Of course, with Tom and Rosie’s difference of age/skills/grade, I may not always be able to provide them with tasks they can explore together, but I really like the idea, and will come back to it regularly.

You may want to  check out the book, too ! It includes hundreds of Open Questions and Parallel Tasks organized by math concepts and grade levels.

 


Math & Children Literature – Part II

A few month ago, I shared “The wonderful world of mathematics: A critically annotated list of children’s books in mathematics” (Thiessen et al., 1998), a helpful ressource to find children books that could be connected to math (here).

Well, there is more !IMG_1500

“Exploring Mathematics though Literature” is another book from the National Council of Teachers of Mathematics (NCTM). It includes a selection of articles previously published by the NCTM, categorized by math topics: Number & Operations, Algebra, Geometry, Measurement, and Date Analysis & Probability. Articles may discuss a book, a math activity connected to the book and strategies children may use, etc. This book is a gem to me: not only it gives me ideas of books to read in connection with math, but also activities to implement. And cherry on the top for me so interested in how children think, it provides student samples. A great source of inspiration for our math journey :-)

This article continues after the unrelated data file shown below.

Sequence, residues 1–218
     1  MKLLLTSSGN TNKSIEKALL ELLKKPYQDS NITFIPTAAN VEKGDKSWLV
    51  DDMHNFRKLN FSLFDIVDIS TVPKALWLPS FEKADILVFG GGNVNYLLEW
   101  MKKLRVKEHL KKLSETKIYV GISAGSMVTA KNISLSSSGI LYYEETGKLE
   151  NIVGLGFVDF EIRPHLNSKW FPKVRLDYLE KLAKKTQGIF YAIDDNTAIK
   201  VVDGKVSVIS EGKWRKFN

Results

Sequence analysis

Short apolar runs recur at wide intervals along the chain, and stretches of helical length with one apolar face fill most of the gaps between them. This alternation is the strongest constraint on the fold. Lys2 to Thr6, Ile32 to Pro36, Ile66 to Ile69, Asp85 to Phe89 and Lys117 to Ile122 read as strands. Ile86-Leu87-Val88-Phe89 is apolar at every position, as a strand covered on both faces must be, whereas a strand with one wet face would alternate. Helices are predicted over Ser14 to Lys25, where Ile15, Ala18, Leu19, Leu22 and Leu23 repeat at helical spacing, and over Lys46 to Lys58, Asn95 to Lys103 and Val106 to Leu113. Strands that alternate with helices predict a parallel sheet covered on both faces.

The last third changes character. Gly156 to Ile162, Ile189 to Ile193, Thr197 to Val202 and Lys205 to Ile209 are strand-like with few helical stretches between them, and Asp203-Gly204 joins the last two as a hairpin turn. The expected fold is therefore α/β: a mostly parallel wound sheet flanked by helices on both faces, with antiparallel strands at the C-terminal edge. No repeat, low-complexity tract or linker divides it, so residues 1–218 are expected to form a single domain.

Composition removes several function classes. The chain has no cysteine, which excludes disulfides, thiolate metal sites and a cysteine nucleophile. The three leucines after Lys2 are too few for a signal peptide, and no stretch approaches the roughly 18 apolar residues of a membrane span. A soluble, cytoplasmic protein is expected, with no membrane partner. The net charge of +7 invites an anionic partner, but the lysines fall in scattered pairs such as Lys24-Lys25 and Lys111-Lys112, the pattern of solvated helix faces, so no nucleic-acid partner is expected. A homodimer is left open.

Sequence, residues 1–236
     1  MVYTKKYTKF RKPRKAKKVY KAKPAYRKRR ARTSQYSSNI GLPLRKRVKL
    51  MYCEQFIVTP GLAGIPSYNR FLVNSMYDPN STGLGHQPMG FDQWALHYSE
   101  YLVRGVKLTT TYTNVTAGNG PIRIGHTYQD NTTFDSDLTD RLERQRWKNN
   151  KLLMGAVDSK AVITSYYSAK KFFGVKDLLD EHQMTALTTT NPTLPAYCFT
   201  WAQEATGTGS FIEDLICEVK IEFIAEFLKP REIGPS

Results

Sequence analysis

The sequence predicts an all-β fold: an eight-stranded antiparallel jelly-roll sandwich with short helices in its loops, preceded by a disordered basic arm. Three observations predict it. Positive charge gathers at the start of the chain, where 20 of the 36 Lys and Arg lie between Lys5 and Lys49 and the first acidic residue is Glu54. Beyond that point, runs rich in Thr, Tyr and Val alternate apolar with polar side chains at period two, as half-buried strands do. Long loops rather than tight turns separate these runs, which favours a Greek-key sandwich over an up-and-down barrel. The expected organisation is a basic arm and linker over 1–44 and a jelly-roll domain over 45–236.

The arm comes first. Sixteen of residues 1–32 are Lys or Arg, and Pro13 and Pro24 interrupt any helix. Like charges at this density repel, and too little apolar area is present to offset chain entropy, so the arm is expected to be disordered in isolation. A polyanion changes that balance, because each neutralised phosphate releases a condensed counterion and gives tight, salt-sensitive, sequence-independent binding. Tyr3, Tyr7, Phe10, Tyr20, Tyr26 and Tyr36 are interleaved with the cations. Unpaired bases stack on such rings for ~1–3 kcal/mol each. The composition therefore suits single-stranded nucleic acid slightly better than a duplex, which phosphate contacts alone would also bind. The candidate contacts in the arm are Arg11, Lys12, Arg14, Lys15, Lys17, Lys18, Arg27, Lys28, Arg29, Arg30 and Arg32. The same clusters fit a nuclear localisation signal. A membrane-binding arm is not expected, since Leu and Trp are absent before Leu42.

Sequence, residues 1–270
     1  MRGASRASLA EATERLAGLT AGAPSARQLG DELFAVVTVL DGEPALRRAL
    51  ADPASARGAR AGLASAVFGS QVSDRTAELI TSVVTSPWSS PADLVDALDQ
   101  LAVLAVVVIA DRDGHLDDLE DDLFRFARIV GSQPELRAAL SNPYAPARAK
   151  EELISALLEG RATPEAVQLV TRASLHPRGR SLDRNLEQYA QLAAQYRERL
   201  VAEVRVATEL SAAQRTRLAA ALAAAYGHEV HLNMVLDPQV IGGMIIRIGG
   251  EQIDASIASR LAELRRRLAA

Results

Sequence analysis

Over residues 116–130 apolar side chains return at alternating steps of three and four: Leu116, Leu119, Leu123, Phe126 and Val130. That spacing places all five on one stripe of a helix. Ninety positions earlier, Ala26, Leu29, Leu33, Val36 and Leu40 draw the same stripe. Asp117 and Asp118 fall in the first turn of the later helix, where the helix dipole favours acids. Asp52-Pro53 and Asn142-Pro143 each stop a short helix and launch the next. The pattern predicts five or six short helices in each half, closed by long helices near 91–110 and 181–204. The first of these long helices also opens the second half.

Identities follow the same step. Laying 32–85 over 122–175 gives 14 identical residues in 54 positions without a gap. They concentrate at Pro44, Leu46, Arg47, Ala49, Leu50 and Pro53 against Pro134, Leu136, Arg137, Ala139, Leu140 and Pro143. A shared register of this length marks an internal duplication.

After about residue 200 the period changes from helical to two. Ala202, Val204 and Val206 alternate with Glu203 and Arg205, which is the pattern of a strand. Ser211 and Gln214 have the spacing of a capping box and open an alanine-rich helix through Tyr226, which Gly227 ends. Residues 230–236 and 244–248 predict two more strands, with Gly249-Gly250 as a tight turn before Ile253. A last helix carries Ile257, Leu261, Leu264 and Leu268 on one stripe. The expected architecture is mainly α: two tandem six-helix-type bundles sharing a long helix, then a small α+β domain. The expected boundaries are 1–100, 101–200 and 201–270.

Also, Math Solutions, CA, published a series of books connecting fiction/non-fiction books with math lessons for different grade levels. I sure will try some of their recommendations throughout Summer.

If you love connecting books to math as much as I do, you may want to check these books out !

References:

Burns, M & Sheffield, S. (2004). Math And Literature, Grades K-1: Math Solutions, CA.

Burns, M & Sheffield, S. (2004). Math And Literature, Grades 2-3: Math Solutions, CA.

Peterson, J. (2004). Math And Nonfiction, Grades K-2: Math Solutions, CA.